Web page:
Am I saying that I bypassed Carnivale, and went straight to the source? Am I saying that Carnivale stole from Tom Waits?

No. That would be stupid. That’s not how influence works.


The issue is that, when someone encounters something done really, really well for the first time, they assume that this exact instance is the first time it has ever been done well, ever, period.

This is rarely true. For example, in regards to stories about the performance culture – these have been around since the performance culture existed. The “youth runs away to join a troupe of traveling players” is a trope that is positively medieval, or older.

Nothing is new. Ideas circulate. And they do not do so logically: you cannot trace an influence like tracing a bloodline on a family tree. Ideas travel through osmosis. They’re like a gas, swelling to fill their container. There is oh so very rarely an idea or an aesthetic that is wholly and completely new at the moment it is conceived. You don’t have an influence injected directly into your brain: you have to marinate in it for a long, long while.

If there is any newness to art of any kind, it is when an old idea is filtered through a lens that is wholly unique: the artist. No one is quite like anyone else – right? – so no one will do the same thing in the exact same manner.

Ideas are old: all people are new.

But, this doesn’t address the rather huge and mildly dispiriting elephant in the room:


Readers like to believe that when they’re reading a book, they’re stepping inside the mind of a writer. Some people even grow to believe that the writer is someone they know, and trust: after all, you are spending three, four, maybe even ten hours with someone, discussing very intimate, beautiful, terrible things.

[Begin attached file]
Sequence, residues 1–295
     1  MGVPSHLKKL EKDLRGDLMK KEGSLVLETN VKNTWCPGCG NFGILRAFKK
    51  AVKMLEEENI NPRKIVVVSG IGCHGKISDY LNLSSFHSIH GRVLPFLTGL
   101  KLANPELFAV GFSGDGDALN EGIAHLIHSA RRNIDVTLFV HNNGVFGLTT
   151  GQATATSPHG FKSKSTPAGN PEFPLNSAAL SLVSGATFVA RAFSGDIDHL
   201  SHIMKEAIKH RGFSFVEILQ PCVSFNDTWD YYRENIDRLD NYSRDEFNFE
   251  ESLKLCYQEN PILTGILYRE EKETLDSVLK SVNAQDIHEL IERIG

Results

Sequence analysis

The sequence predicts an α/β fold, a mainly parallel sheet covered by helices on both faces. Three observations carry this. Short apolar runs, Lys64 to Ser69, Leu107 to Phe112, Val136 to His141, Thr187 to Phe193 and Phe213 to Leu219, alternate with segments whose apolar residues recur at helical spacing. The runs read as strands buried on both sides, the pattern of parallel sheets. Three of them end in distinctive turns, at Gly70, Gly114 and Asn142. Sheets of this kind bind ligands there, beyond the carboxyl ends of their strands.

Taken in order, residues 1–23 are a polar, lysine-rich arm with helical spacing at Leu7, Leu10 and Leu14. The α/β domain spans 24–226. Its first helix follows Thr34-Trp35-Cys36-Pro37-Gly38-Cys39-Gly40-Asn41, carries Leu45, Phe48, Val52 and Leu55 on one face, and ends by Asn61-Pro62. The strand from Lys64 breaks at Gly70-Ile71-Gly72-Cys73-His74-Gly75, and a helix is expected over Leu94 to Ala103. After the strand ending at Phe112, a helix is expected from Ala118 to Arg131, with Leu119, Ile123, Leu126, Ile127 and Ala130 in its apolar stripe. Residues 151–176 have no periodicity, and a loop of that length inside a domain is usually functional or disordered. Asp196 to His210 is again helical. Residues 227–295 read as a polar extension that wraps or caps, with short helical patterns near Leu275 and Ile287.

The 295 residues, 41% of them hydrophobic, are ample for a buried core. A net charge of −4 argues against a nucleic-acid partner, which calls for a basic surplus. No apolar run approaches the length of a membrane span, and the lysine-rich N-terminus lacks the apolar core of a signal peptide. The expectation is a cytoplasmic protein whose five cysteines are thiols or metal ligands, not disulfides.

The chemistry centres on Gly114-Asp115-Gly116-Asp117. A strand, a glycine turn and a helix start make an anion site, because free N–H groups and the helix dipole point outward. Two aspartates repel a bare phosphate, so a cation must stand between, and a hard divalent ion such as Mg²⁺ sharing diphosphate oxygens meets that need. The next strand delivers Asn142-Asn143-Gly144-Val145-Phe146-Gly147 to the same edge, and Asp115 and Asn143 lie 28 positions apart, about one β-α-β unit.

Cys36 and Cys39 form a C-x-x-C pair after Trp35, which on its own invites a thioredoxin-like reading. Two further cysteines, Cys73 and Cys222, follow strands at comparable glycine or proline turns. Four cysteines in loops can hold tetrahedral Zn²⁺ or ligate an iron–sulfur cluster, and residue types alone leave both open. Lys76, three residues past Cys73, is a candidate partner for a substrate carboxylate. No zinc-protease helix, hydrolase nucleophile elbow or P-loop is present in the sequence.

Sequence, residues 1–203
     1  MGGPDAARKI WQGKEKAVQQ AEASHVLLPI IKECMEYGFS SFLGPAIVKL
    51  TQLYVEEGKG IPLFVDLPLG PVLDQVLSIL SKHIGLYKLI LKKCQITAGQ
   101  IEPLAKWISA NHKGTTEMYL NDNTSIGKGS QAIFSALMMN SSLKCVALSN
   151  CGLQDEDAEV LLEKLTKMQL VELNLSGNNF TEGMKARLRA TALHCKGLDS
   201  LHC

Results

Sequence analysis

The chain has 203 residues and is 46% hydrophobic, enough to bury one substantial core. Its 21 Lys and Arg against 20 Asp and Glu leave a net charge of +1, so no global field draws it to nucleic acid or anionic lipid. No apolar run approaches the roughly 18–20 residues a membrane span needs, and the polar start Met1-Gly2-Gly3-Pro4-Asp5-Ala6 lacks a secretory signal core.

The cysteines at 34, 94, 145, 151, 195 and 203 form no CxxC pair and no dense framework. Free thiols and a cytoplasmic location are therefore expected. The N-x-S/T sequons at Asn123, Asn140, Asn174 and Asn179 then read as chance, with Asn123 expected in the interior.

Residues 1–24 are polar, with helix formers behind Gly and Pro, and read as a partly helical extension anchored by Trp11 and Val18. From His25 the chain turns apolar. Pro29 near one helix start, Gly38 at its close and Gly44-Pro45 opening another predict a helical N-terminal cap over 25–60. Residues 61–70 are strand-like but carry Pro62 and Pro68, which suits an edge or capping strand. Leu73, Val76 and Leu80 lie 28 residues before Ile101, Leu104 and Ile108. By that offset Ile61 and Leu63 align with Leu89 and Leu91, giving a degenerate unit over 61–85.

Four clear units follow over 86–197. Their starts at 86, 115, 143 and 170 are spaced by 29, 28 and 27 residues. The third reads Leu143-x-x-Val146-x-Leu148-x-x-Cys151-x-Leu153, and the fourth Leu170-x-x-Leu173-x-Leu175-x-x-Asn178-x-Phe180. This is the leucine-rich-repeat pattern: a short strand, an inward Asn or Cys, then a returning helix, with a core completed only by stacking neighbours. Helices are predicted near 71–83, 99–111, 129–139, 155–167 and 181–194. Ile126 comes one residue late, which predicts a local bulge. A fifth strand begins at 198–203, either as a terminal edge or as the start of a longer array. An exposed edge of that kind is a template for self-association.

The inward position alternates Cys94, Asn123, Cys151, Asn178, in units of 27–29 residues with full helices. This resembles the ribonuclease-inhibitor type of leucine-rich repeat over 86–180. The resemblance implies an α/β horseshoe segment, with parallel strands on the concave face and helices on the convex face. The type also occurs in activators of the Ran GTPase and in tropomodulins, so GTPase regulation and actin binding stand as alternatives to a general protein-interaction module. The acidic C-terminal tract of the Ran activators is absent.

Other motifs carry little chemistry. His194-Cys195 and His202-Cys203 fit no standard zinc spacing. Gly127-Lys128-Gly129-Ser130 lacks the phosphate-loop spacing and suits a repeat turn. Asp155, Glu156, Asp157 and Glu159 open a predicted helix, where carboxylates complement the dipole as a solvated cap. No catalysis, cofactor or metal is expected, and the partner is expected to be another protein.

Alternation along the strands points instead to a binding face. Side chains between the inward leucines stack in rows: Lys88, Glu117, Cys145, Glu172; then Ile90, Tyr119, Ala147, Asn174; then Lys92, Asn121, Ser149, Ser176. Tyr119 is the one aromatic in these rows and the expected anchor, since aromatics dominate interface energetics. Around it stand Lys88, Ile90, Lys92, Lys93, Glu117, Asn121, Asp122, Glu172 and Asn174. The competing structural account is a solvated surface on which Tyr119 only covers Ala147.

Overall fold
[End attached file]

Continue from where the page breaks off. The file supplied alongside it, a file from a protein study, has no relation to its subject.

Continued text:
But you do not know your writers. Because the reading experience is about 70% the reader, and 30% the work. Good writers know that – they know that the reader will be doing most of the heavy lifting, and the smartest thing to do is to give them the tools, the suggestions, the implications to make the story start, and then get the fuck out of the way.

(If you are curious why all writers feel like frauds – and almost all of them do – it’s that they all know that, deep down, it’s the reader doing everything. Writers can see the strings on the puppets – to them, the show they put on is paltry garbage. And when audience members approach, describing the show as if it was some miraculous revelation, the writer cannot help but feel a deep and terrible shame.)

So, go back and take a look at my formula – 70% the reader, and 30% the work.

You will note that the writer is not a part of this, at all.

I am not with you when you read. The voice you hear is your own. I am giving you a frame: you are the one imbuing it with beauty.

So, I have my own influences, certainly – but so do you have yours.


Lots of things.

Lots and lots and lots of things. Book things as well as life things. Mostly life things, possibly. Thus, things I can’t quite explain.

But there are writers that I am specifically keeping in mind when I write my books. These are writers I aspire to, that I wish to learn from.

(Many times, I try to aspire to be like them several years after I read their stories. In these instances, I aspire to be like my idea of them, and my idea of their works, rather than the real things – because I cannot remember them. This is, usually, a good thing.)

So, do you want a list? Do you want a list of the writers I went into a book trying to be like?

Of course you do. This is the internet age: all things that cannot be listified are deemed worthless.

So, without further ado, here are the writers I had in mind when I wrote each and every one of my books:

  1. MR. SHIVERS – Cormac McCarthy
  2. THE COMPANY MAN – John le Carré, Raymond Chandler, David Simon (as in, Homicide: A Year on the Killing Streets, which is a really phenomenal book)
  3. THE TROUPE – Neil Gaiman, Susanna Clarke, P.L. Travers
  4. AMERICAN ELSEWHERE – David Lynch, H.P. Lovecraft, Ray Bradbury
  5. CITY OF STAIRS – David Mitchell, John le Carré

I will assume that clears everything up, answers all questions, clarifies the inscrutable, and casts light into the many dingy corners of my mind.

That was easy. Right?